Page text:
The red variety gets its rich colour from an antioxidant called anthocyanins, which are also found in deep purple or reddish fruits and vegetables. The compound is believed to have properties that can reduce inflammation, allergy, prevent risks of cancer and help in weight management. The manganese present in both varieties helps in strengthening metabolism, while magnesium helps in migraine, lowers blood pressure as well as risks of heart attacks. Along with calcium, magnesium helps in maintaining healthy bones and teeth, and prevents risks of arthritis and osteoporosis. Selenium on the other hand protects the body against infections.
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Moreover, since they are high in fibre content, the digestion process is slow, which leads to a strengthened digestive system. Fibre also aids in slowing down the rate at which carbs are converted into blood sugar; therefore fibrous foods are low on the glycemic load.
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According to experts, the two varieties are also highly recommended for diabetics - because of their low glycemic index - and heart patients. These are considered whole grains, which can help in reducing the arterial plaque, prevent risks of cardiovascular diseases, tame high cholesterol and regulate blood sugar. According to recent studies, consuming one cup of brown rice on a daily basis can significantly cut short the risks of developing diabetes by up to 60%.
(Also Read: What Kind of Rice is Best for Weight Loss?)
We stumbled upon a few studies that talked about a certain component in brown rice that can cause harm to human health - phytic acid. Dr. Gargi Sharma explains, "Phytic acid can hinder iron and calcium absorption. It can happen in cases where you consume brown rice along with food that are rich in calcium or iron. Only those on a high calcium or iron diet would need to be a little careful with the consumption of brown rice."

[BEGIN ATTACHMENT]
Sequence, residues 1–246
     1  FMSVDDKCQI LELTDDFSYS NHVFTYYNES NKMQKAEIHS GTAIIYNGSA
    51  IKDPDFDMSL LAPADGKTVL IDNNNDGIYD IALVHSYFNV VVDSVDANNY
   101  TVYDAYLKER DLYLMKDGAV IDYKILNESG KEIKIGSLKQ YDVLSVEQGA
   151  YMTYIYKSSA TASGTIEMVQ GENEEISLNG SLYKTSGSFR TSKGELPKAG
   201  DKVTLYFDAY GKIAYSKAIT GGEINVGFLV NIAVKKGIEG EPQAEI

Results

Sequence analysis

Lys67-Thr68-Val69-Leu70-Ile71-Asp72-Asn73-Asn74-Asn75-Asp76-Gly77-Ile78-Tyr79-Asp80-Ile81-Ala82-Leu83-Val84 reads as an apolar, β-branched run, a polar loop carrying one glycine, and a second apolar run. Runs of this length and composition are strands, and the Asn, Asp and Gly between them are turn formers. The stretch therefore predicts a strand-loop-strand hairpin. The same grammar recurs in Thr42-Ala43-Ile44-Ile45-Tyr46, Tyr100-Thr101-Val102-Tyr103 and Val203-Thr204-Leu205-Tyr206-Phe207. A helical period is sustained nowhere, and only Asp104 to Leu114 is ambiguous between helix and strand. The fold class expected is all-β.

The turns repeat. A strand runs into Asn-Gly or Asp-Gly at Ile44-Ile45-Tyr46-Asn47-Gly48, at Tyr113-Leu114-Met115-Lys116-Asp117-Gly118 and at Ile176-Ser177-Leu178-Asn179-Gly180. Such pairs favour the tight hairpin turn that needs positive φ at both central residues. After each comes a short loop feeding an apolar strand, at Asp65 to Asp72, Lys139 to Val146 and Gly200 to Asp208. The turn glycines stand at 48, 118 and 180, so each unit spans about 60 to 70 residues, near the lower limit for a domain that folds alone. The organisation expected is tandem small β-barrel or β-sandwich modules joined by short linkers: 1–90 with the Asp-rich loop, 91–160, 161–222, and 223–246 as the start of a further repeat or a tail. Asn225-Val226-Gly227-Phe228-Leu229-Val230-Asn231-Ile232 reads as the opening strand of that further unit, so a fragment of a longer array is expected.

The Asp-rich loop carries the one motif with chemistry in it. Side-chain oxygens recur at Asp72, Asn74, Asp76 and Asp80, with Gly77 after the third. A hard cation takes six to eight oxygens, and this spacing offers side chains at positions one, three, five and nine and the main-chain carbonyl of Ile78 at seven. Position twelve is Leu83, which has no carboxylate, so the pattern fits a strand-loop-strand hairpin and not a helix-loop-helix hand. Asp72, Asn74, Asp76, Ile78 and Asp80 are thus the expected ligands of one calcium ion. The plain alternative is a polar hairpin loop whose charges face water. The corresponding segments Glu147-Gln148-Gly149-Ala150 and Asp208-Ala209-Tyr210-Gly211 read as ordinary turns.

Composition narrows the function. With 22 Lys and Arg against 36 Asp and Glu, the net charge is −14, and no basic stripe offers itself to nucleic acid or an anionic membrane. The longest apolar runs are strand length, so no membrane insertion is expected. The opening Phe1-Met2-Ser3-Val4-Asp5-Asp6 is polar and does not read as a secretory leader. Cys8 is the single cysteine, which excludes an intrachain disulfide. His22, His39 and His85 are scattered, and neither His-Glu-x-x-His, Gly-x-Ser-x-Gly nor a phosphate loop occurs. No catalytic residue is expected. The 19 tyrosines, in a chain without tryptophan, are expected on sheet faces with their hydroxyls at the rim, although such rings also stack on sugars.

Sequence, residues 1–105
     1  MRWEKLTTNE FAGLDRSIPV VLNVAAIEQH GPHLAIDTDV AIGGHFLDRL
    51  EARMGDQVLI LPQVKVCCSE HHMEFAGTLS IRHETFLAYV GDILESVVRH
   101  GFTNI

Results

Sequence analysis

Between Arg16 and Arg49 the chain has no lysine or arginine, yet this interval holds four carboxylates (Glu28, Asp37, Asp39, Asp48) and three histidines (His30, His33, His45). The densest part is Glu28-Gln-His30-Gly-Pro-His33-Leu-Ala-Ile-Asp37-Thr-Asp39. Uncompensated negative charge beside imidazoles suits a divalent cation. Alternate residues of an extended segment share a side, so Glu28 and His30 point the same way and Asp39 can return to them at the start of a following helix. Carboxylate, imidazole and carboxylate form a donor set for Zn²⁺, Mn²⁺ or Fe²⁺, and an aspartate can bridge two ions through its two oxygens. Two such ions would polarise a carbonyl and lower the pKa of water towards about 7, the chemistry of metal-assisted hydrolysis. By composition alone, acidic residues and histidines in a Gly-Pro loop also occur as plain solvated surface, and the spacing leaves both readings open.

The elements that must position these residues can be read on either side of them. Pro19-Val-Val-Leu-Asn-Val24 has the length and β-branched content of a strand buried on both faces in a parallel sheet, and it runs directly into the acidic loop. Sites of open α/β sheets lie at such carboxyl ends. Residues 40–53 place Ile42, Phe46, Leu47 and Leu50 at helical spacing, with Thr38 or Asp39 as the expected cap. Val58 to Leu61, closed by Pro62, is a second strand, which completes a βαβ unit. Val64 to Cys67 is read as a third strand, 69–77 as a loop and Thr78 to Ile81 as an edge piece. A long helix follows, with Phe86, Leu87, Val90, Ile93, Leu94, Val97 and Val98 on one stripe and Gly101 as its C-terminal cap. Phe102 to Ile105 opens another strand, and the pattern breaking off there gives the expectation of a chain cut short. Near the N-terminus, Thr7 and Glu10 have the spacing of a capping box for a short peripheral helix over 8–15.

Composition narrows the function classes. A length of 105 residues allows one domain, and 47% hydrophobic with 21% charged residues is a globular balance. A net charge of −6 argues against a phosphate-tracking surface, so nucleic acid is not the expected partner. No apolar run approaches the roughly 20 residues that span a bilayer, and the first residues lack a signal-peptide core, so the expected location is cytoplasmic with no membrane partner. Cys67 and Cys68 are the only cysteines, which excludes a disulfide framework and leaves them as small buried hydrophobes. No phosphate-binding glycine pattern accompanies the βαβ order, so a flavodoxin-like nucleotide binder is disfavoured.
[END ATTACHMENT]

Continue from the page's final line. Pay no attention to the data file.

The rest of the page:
The forbidden rice
Once known as a food served only to the royals in ancient China, the consumption of black rice was forbidden by the masses. The surge in food trends revolving around healthier options like brown rice, quinoa or sunflower seeds has finally given way to unravel this superfood. Shiny black grains of rice when cooked turn purple that not only is a treat to eyes but also to the taste buds.
This variety beats the nutritional benefits of brown and red rice combined. Rich in fibre, it comes loaded with antioxidants, phytonutrients, phytochemicals, Vitamin E, protein, iron, and other nutrients. It is believed to be beneficial for the liver, kidney and stomach. It has high content of anthocyanins, which help in preventing risks of cancer. Its low sugar and glycemic content makes it an extremely desirable dietary option for heart patients, diabetics as well as for those with high blood pressure.
(Also Read: 7 Incredible Benefits of the 'Forbidden Rice'- The Black Rice)
"A spoonful of black rice bran contains more health promoting anthocyanins antioxidants than are found in a spoonful of blueberries, but with less sugar, more fibre, vitamins and antioxidants," noted Zhimin Zu, associate professor, Louisiana and State University, America.
With over 40,000 different varieties of rice cultivated and consumed all across the globe, depriving yourself of the simple pleasure of digging into a bowl is unfair. A healthy lifestyle is all about striking a balance between good food and nutrition. Identifying what's nutritious for your health and giving it an interesting, flavourful spin is the remedy.